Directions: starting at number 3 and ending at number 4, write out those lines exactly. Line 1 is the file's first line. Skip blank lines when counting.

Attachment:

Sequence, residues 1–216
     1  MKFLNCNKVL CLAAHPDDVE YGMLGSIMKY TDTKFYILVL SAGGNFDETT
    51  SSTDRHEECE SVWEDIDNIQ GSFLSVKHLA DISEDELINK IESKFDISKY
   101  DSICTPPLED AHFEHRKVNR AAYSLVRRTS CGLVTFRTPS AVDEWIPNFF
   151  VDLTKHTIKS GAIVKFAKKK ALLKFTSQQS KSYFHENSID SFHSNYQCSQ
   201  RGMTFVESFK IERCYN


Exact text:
    51  SSTDRHEECE SVWEDIDNIQ GSFLSVKHLA DISEDELINK IESKFDISKY
   101  DSICTPPLED AHFEHRKVNR AAYSLVRRTS CGLVTFRTPS AVDEWIPNFF